|Subject: SMH: E.Timor rape victims too afraid to
Date: Fri, 02 Apr 1999 07:56:43 -0500
From: "John M. Miller" <email@example.com>
Received from Joyo:
Sydney Morning Herald 29/03/99
*East Timor rape victims too afraid to give evidence
By LINDSAY MURDOCH in Jakarta
Dukai's Timorese family disowned her when, as a young and pretty woman, she believed the promise of marriage of an Indonesian soldier garrisoned in the East Timor town of Viqueque.
The soldier reneged on the promise after having sex, and her life as a sex slave began.
Dukai, now 39, says the only way she could survive was by cleaning the military barracks in return for food. But other soldiers took turns to sexually abuse and often rape her, and she now has five children by five different soldiers. "My children are children of war," she says. A newly released United Nations investigation says the Indonesian military has used violence and rape against women as a weapon of intimidation and torture in East Timor and other areas of conflict in Indonesia, including Irian Jaya and Aceh.
The special rapporteur to the UN Human Rights Commission, Dr Radhika Coomaraswamy, also reported that ethnic-Chinese Indonesian women raped during last May's riots in Jakarta have been threatened to stop them telling their stories. None of 52 victims of sexual assault and rape who she interviewed had filed charges.
Some of the victims were even sent photographs of their own rape, accompanied by a warning that the pictures would be widely distributed if the women dared speak up, Dr Coomaraswamy said in her report released to a UN human rights panel in Geneva.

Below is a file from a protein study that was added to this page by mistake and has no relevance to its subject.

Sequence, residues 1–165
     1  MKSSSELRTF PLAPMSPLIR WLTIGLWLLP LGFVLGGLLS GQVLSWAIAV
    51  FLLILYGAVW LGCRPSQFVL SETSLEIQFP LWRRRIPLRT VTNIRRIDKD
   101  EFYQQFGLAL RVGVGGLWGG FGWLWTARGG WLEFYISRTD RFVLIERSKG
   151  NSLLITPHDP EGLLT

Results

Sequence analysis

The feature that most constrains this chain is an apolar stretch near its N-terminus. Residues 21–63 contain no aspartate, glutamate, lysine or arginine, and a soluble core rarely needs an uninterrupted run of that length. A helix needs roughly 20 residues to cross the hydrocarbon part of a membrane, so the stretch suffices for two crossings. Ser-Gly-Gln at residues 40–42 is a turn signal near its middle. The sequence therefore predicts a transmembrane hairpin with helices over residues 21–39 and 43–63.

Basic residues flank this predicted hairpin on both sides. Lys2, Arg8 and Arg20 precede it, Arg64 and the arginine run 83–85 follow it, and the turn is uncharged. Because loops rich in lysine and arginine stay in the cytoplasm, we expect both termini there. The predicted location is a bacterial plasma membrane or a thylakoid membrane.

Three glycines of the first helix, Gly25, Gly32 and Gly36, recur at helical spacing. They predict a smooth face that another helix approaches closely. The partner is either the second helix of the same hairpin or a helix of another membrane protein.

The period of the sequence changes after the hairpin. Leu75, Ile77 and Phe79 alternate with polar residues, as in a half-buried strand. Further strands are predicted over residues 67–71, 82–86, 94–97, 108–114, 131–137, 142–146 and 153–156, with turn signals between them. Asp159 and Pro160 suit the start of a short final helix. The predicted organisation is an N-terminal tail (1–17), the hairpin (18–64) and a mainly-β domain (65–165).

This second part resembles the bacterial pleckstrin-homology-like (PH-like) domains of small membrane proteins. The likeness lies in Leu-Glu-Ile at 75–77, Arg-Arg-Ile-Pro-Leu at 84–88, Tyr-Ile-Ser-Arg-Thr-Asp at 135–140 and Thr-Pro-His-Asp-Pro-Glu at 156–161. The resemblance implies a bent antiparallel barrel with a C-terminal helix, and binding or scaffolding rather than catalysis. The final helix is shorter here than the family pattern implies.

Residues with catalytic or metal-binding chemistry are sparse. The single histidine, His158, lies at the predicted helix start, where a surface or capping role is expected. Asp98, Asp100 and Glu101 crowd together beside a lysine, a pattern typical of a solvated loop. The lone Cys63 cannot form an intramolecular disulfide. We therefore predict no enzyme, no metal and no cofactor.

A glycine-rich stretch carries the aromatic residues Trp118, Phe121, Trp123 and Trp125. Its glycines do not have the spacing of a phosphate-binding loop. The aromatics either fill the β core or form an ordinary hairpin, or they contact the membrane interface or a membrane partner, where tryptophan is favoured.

Indonesian authorities had not taken claims of mass rapes seriously even though 17-year-old Ita Martadinata, the daughter of a women's rights activist, was murdered in her Jakarta home after receiving death threats and anonymous letters, she said.
Dr Coomaraswamy called on the Indonesian Government to introduce a witness protection program and arrest and prosecute soldiers and others guilty of atrocities against women.
"Otherwise the legitimate process of politics and governance will always be subverted by shadowy forces who rule civil society through use of terror." Dr Coomaraswamy said she had been unable to establish exactly how many women had been raped during the violence that forced the resignation of president Seoharto. But women's rights groups documented 168 rapes during the unrest while a government-appointed fact-finding team reported last November that 76 women were sexually assaulted, most of them ethnic-Chinese Indonesians.
"The Chinese community appears to be terrorised by the events," Dr Coomaraswamy said. While conducting her investigation she found the new Government in Jakarta, led by Dr B.J. Habibie, open and willing to listen but said some police and military officers were not. "When you have impunity some of these things happen," she said.
A spokeswoman for the Communication Forum for East Timorese Women, a foreign- funded organisation, said repeated attempts to bring Indonesian soldiers to justice for abusing Timorese women had failed because Indonesian authorities refuse to take action.
"We know who the soldiers are but they have apparently been transferred out of East Timor and the military keeps stalling out attempts to bring them before an ABRI [military] tribunal," the spokeswoman said.